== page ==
After the event, there was a voting system in place to rank the top ten products launched during the challenge. CoderStory placed #7 out of 96 products that were shipped and resulted in a $250 prize money that is currently being utilised to help sustain CoderStory during it’s future development.

In the following 6 weeks after the launch, I was still focusing on publishing new interviews whilst starting to brainstorm the future of CoderStory. This started with mapping out how we would move forward from both a creative and technical standpoint. It was clear from the start that we needed to adapt our questions to get deeper insight into our interviewees backstories and their advice for future coders.

However, I wasn’t ready to stop at just interviews. I wanted CoderStory to be a content-driven platform so added a blog element to bring insights and opinions from within the industry to help cultivate and expand our readers growing knowledge bases. Up until this point, I had been posting the content on Medium but felt it was a priority to drive readers to our own website. Lastly, we added a Resources section to become a one stop shop for knowledge and a place to help you grow your learning mind. These range from books, podcasts, tech and more – recommended personally by members of the developer & maker communities.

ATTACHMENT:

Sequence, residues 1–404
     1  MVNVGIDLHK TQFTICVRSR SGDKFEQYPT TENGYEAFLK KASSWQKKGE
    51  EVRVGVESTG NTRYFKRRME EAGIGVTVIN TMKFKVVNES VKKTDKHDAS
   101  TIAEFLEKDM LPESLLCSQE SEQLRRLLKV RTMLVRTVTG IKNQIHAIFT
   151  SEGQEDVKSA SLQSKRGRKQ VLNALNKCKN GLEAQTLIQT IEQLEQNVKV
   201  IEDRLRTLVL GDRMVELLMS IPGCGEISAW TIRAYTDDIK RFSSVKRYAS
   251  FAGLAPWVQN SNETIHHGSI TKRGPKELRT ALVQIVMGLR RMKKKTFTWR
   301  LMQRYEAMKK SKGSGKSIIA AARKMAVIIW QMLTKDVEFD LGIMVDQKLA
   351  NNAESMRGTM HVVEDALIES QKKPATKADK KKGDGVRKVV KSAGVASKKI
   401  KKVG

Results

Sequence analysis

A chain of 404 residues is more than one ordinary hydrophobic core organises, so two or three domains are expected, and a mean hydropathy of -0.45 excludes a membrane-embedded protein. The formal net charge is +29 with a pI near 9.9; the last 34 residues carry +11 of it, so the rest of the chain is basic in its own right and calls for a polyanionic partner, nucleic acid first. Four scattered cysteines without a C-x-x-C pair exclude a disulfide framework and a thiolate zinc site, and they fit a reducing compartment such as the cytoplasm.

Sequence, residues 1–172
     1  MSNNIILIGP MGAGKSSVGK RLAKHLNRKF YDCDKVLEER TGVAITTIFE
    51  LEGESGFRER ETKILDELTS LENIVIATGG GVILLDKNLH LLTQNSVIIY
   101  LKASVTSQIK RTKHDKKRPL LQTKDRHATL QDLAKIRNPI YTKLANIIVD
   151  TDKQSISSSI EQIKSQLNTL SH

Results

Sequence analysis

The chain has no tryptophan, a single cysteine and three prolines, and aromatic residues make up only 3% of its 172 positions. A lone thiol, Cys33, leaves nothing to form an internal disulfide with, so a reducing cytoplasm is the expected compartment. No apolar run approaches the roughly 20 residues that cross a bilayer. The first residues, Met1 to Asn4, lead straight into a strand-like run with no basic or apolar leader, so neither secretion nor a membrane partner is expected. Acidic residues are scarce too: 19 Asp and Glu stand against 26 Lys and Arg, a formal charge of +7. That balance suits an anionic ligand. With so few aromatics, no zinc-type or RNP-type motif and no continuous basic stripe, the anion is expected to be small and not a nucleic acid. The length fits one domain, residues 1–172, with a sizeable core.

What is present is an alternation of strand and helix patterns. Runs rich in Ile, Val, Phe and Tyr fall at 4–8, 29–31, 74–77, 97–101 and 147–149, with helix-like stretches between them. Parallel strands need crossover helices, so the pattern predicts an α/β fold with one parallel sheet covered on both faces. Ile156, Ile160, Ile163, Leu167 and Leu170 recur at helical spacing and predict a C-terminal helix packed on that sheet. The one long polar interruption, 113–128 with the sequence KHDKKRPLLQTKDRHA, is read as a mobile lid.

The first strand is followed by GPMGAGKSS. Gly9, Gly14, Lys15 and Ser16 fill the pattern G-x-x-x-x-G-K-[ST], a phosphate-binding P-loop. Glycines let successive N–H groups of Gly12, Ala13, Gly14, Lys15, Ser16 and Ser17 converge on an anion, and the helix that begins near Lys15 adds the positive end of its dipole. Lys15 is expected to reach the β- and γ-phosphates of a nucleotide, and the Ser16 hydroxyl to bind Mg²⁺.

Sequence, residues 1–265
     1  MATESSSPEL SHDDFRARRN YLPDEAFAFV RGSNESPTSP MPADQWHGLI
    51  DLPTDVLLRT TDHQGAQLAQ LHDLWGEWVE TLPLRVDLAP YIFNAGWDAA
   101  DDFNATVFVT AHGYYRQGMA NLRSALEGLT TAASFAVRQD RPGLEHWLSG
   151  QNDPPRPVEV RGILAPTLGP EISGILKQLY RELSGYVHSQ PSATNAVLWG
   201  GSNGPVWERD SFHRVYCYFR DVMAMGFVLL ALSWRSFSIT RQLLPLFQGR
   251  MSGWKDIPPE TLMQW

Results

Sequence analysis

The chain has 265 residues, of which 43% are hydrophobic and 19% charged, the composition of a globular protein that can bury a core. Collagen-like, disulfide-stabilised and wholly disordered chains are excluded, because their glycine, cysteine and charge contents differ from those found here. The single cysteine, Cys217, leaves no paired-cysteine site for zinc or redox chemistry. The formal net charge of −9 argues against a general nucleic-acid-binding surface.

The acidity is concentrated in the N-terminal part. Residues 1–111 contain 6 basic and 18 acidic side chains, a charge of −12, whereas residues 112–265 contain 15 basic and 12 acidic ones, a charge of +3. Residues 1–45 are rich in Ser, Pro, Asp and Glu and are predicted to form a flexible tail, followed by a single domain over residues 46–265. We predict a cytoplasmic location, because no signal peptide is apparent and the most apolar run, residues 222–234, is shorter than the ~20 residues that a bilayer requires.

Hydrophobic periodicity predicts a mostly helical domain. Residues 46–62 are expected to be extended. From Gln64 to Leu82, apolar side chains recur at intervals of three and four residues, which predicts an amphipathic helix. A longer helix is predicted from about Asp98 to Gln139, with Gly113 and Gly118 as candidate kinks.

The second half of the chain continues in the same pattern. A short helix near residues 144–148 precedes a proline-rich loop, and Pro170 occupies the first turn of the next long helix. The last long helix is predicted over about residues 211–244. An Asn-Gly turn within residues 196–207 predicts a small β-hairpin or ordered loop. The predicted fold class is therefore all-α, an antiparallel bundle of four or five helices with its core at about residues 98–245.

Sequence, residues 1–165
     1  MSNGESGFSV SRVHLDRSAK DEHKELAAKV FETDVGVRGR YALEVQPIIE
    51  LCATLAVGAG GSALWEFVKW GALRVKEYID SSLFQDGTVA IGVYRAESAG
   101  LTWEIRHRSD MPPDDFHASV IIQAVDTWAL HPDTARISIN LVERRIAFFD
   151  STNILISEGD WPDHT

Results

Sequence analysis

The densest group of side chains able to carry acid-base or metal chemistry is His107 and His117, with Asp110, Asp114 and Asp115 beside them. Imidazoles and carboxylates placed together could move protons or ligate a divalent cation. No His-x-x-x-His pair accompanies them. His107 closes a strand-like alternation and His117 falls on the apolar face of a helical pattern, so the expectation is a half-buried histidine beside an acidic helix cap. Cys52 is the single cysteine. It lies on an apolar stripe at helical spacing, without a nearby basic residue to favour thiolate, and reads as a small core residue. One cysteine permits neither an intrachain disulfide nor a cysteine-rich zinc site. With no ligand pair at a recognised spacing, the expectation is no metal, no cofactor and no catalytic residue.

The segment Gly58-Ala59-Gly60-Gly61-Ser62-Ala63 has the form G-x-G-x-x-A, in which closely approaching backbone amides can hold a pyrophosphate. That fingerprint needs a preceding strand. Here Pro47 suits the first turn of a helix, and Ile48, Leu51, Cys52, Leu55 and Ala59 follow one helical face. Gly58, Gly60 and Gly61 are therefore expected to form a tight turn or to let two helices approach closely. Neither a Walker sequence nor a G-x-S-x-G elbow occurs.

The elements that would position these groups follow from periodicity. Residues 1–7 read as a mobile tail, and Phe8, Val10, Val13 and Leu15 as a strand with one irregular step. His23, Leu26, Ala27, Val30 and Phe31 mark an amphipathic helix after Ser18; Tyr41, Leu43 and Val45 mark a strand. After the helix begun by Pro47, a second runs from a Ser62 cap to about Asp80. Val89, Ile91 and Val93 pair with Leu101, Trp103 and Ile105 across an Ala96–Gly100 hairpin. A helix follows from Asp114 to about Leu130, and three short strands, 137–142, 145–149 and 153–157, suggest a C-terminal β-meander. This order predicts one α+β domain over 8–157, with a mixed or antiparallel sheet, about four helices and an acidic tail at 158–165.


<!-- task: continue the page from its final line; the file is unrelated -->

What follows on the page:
Launching on Product Hunt

The initial launch was a soft launch on Twitter shortly after the challenge, where I posted a tweet that was shared around the community as we all shared the positive experience we had from the challenge. At that point, I knew I wasn’t ready to launch on Product Hunt yet because I felt like the site needed more.